Samantha Overton ’20 vividly remembers the first time she set foot in a Le Moyne College classroom. It was during her senior year of high school, and she sat in on an English course led by Ann Ryan ’85, Ph.D. Overton listened intently as a lively discussion erupted on that day’s reading. The students, just a year or two older than she was, dissected everything in the text, symbolism, imagery, foreshadowing. Overton was enthralled. But it was more than that. She felt as though she was part of the class – that she belonged.
“In that moment, I knew Le Moyne was the right place for me,” she said. “And I haven’t looked back since.”
Overton went on to major in theatre arts and minor in creative writing at the College. Over the course of four years, she made friends she’ll treasure for the rest of her life, learned from faculty members who challenged and inspired her, and discovered how to solve problems independently. That was just part of her Le Moyne education, though. Overton also learned to speak out for what she believes in, that her views and opinions matter and should be heard, and that she could face life’s challenges with confidence. Each of these experiences was “wonderful and rewarding and crazy” in its own way.
Now that Overton is Le Moyne alumna, she looks forward to using that voice she so carefully developed – on stage. She has always been passionate about the performing arts. In fact, some of her fondest memories at Le Moyne were forged in the College’s W. Carroll Coyne Center for the Performing Arts, where she appeared in productions like Boeing Boeing! However, the current global pandemic has made even clearer to her the critical role art plays in building and shaping community, bringing people from divergent backgrounds together to share a common experience. She has been moved by how resourceful people around the world have been in creating art and in sharing it digitally while practicing social distancing. She knows that when it becomes safe for people to come together in public again, there will be even more for artists and creators to do.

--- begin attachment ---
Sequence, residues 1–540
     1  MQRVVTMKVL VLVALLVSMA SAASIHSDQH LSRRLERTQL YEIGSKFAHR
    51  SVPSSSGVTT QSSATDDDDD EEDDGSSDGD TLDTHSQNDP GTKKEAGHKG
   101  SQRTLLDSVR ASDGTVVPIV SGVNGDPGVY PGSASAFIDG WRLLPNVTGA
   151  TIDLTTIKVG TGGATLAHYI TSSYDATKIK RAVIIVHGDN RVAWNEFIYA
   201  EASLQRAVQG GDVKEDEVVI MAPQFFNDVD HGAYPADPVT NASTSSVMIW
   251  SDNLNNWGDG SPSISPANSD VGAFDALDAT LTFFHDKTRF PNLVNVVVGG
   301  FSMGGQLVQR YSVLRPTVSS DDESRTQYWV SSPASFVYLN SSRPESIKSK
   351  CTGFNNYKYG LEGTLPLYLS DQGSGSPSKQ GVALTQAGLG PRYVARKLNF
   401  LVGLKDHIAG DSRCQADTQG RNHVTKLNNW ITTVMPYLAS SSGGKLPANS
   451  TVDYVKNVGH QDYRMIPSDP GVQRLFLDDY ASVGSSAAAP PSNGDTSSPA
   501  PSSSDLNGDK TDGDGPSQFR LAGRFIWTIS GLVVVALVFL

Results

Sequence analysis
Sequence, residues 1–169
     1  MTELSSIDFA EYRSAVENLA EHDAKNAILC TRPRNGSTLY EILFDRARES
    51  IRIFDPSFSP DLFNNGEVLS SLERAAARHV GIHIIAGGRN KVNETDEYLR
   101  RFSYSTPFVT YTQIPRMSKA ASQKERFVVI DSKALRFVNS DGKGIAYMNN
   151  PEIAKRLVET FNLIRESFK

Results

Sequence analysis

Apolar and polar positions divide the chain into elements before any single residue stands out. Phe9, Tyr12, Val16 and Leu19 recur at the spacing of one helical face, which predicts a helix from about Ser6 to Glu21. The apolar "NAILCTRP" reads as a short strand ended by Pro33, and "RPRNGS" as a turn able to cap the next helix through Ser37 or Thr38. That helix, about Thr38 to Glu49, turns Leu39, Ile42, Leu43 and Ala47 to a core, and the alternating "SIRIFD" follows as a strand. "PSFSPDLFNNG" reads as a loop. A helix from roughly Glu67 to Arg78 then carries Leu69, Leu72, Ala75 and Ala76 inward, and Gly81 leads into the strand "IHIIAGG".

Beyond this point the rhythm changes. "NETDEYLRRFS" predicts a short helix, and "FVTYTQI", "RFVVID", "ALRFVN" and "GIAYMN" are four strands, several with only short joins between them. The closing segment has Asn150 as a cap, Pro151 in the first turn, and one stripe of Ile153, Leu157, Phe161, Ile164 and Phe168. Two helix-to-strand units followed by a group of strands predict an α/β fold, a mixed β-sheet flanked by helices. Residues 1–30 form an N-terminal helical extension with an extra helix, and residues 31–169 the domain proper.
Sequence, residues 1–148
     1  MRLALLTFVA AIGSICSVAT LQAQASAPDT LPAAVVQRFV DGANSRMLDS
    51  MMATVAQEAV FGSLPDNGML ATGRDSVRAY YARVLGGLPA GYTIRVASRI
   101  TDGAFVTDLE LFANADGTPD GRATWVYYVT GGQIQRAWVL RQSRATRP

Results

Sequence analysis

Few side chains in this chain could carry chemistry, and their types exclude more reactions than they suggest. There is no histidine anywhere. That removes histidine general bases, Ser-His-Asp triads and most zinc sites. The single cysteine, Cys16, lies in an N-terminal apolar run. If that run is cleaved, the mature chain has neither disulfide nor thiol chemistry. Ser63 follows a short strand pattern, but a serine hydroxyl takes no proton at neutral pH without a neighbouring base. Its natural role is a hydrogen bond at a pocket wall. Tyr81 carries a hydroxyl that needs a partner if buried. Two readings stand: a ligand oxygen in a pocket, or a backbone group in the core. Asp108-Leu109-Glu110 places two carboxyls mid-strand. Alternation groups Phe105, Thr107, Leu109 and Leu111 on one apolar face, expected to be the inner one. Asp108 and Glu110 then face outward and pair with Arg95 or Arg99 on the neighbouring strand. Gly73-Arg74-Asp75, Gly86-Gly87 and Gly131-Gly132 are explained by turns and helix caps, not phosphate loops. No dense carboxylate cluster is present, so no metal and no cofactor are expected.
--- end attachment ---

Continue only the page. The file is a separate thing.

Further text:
Overton recognizes that the world looks much different for today’s high school seniors than it did for her when she was preparing to begin college just four years ago. However, she hopes that the future members of the Class of 2024 still have the opportunity to connect with Le Moyne the way that she did in Dr. Ryan’s classroom. They will just be doing it virtually. There are faculty members and students who are eager to connect with them, and to share the stories of their Le Moyne over Zoom and FaceTime. And of course, Overton recognizes that while “visiting” Le Moyne might look a little different for now, the purpose of a Le Moyne education, to grow academically and socially, remains unchanged.
“College is a time to learn as much as you can about yourself and the world around you,” she said. “I would not be anywhere close to who I am today if I had not gone to Le Moyne and met the people I did.”